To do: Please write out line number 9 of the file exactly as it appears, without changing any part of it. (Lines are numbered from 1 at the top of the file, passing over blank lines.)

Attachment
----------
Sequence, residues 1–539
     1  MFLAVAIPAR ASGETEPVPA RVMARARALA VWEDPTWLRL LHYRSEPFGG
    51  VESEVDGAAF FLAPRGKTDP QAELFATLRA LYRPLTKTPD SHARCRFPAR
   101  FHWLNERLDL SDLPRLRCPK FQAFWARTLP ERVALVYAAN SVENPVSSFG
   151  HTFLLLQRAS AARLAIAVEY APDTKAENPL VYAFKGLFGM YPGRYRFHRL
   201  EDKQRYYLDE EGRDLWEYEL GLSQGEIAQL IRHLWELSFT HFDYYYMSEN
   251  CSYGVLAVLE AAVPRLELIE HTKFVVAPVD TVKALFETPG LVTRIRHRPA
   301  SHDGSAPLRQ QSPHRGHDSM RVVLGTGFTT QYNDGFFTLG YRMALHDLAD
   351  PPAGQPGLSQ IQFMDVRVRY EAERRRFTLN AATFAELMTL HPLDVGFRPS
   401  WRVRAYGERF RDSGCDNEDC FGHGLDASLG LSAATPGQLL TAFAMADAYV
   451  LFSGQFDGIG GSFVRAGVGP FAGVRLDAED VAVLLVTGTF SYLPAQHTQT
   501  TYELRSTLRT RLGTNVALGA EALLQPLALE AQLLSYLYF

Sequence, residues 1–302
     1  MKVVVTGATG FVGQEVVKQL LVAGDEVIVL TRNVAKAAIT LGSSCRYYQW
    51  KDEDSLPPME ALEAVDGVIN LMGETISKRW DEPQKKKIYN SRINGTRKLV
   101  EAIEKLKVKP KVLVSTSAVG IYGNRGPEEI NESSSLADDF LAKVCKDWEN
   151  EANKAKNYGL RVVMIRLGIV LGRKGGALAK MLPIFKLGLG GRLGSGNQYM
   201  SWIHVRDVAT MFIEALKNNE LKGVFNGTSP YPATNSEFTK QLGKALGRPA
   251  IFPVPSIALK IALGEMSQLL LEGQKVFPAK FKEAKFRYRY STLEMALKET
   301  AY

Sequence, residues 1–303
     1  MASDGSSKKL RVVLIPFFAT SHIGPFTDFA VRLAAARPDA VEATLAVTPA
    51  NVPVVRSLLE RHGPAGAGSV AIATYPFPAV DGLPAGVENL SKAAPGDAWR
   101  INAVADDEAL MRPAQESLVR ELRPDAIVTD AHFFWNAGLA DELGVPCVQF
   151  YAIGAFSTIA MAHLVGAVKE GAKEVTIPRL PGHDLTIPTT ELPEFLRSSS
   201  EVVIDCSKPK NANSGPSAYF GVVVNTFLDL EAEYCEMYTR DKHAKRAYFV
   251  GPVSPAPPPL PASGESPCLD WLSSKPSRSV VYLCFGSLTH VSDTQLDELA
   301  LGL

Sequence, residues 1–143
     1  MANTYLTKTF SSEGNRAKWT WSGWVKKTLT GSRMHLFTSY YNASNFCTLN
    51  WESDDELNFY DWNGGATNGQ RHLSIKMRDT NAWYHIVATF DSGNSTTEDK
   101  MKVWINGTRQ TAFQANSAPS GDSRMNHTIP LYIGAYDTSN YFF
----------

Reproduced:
   351  PPAGQPGLSQ IQFMDVRVRY EAERRRFTLN AATFAELMTL HPLDVGFRPS